Her research has been funded by the Ford, Mellon, Woodrow Wilson, and Annenberg Foundations as well as by the Smithsonian Museum and Fulbright-Hays. Professor Fields-Black’s has received funding from the Henry Luce Foundation Project: The Greening of Early Undergraduate Education at Carnegie Mellon and the Ewing Marion Kauffman Foundation: Institute for the Study of Entrepreneurship, Innovation and Technology, the Berkman, Faulk, and ProSEED Funds. Professor Fields-Black serves as the Faculty Advisor for Carnegie Mellon’s African and African American Studies Minor.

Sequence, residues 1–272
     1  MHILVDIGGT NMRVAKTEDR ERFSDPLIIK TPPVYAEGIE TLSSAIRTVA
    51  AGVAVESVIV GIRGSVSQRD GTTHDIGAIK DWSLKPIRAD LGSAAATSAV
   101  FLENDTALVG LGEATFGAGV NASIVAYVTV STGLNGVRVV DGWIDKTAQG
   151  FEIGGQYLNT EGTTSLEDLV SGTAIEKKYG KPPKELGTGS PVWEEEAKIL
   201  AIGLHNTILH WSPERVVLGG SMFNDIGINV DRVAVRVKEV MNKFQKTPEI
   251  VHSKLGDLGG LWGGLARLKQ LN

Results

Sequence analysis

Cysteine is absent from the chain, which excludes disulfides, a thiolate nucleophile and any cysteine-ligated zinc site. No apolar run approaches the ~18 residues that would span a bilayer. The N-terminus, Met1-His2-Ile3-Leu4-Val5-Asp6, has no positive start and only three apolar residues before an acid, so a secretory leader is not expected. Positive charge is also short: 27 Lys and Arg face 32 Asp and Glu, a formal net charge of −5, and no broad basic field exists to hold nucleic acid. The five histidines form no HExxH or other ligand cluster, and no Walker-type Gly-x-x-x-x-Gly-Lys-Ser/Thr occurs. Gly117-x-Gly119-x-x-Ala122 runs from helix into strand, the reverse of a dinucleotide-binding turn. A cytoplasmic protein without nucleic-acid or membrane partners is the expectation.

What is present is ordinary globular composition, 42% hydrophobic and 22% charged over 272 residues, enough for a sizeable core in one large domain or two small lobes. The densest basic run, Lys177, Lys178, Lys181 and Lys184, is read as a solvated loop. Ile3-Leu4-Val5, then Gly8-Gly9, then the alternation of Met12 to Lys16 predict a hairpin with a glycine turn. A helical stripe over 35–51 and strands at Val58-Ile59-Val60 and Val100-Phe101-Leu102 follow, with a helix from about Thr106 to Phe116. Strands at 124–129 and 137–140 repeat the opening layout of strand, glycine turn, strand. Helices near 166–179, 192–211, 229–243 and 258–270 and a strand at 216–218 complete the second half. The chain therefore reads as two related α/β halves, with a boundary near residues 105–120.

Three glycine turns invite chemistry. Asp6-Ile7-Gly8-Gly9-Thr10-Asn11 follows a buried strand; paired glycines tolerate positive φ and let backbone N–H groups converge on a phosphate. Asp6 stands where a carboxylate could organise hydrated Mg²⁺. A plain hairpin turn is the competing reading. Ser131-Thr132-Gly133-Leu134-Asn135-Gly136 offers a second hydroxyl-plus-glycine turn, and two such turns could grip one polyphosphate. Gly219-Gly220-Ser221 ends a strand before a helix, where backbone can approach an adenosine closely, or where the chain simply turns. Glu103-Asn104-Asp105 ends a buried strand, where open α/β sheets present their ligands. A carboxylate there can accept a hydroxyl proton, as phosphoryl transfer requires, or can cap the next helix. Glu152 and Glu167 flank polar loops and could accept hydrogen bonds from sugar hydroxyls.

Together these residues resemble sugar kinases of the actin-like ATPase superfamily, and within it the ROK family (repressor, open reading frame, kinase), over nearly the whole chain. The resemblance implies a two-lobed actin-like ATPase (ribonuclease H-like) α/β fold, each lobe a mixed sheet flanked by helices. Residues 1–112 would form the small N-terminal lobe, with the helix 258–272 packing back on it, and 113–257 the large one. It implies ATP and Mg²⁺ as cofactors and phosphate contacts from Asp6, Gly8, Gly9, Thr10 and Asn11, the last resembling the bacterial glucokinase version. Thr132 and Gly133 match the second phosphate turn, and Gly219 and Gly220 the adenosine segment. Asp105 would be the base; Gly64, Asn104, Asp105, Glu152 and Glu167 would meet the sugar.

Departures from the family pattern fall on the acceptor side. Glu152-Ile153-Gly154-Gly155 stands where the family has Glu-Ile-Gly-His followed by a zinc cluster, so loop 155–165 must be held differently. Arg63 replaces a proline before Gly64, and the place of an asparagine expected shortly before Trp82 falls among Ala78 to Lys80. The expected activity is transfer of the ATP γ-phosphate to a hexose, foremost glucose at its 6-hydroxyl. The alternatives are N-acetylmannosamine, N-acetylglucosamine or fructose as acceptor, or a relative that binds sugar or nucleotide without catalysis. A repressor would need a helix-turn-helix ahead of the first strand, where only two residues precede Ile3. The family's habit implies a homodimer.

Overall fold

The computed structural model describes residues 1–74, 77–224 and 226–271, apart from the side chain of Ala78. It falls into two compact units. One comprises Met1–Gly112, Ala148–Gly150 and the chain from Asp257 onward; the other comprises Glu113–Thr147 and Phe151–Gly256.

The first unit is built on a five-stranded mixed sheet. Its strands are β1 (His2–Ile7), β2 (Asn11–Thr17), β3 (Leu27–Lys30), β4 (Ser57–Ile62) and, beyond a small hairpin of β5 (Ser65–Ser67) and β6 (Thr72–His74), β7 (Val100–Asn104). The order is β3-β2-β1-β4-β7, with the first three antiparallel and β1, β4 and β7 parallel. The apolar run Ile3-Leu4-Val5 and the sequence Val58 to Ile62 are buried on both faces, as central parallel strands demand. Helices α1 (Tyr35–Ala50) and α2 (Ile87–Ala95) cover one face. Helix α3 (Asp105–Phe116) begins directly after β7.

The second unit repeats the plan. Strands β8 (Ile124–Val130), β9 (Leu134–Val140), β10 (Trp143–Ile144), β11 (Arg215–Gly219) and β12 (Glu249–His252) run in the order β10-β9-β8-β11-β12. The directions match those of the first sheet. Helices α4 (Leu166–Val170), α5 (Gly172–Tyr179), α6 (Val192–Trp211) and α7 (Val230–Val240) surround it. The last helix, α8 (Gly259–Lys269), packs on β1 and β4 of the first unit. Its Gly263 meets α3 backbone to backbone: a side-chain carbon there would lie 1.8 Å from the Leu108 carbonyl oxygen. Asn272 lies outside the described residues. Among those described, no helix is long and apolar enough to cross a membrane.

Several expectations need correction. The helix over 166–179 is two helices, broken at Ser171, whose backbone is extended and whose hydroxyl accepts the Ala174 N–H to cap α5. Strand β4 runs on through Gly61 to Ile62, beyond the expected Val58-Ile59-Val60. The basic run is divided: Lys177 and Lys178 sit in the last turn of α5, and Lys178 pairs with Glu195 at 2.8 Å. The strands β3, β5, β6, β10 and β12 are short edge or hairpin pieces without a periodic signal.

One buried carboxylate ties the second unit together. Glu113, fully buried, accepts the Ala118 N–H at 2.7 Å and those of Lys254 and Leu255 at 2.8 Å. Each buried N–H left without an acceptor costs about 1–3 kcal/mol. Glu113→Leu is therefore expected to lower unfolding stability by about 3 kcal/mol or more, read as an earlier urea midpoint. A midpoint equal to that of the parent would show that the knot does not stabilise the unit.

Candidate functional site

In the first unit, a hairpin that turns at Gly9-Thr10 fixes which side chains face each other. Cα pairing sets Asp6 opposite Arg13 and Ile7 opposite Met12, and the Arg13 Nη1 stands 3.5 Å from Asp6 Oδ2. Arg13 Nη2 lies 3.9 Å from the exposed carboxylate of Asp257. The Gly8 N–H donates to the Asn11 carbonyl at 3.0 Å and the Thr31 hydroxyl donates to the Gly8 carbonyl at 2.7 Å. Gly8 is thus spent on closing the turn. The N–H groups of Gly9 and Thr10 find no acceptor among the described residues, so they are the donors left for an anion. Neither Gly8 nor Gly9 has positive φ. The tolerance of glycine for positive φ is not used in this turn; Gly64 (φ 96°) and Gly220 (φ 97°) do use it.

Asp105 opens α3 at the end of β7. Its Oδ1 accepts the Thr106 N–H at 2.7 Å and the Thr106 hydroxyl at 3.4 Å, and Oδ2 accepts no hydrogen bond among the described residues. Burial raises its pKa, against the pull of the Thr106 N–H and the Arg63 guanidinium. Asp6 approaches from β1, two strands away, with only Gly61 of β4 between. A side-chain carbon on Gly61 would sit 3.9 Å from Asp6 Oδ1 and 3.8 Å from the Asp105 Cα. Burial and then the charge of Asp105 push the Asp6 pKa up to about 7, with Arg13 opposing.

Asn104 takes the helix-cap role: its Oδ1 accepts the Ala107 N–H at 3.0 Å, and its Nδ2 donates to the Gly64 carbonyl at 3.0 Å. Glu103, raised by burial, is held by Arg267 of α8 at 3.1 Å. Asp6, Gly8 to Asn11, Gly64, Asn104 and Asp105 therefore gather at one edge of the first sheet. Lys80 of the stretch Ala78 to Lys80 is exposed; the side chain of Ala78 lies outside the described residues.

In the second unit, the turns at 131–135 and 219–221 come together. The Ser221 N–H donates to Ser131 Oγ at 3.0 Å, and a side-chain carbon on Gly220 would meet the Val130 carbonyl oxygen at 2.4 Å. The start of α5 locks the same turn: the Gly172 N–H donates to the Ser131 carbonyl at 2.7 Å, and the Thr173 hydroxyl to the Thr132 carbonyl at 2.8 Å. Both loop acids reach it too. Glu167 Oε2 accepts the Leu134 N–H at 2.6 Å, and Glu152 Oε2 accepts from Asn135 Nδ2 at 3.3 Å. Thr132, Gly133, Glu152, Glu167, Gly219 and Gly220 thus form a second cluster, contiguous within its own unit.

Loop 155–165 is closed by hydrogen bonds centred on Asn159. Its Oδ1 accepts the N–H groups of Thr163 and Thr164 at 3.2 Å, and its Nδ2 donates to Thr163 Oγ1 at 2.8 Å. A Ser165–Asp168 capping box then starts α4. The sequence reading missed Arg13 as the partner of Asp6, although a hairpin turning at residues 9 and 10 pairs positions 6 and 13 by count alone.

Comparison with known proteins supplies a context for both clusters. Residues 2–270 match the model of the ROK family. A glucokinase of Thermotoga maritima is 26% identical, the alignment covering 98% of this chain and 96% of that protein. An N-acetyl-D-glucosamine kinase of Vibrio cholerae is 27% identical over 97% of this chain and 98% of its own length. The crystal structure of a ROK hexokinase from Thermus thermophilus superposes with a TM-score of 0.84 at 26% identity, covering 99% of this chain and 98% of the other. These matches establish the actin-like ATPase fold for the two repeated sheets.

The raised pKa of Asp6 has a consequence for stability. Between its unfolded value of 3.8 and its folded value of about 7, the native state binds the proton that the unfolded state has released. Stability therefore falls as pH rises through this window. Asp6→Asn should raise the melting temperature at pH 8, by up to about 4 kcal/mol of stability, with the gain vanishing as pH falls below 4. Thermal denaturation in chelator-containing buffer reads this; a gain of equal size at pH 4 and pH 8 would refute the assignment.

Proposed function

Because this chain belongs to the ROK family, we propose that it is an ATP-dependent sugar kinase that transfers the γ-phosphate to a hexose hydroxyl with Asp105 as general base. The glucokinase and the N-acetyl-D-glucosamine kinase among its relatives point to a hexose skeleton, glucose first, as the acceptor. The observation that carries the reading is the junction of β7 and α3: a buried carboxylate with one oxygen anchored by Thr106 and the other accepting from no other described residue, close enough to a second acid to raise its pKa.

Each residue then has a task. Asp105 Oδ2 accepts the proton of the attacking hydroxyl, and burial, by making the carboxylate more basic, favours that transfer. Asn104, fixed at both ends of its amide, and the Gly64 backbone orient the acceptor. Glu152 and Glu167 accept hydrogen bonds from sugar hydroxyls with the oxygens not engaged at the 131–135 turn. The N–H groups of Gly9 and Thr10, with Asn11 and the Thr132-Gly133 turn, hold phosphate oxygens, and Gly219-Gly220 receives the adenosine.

Dr. Fields-Black is executive producer and librettist of “Unburied, Unmourned, Unmarked: Requiem for Rice,” a contemporary classical and multimedia symphonic work and the first symphonic work about slavery on rice plantations www.requiemforrice.com. “Unburied, Unmourned, Unmarked: Requiem for Rice” memorializes the sufferings and sacrifices of Africans enslaved on Lowcountry South Carolina and Georgia Rice plantations and celebrates the critical role their ingenuity, technology, and industry played in the economy of the US South. She wrote the libretto, the text from which the project is based from primary sources. Three-time EMMY™ Award winning composer John Wineglass, composed the original score for orchestra, choir, and soloists. Internationally renowned filmmaker/director, Julie Dash whose “Daughters of the Dust” was the first film by an African-American woman to have a major studio release and win the Excellence in Cinematography Award and be nominated for the Grand Jury Prize at the 1991 Sundance Film Festival is directing film installations, which cinematographer, David Claessen, will shoot (they will be shown in performance) and a documentary about the making this historic piece.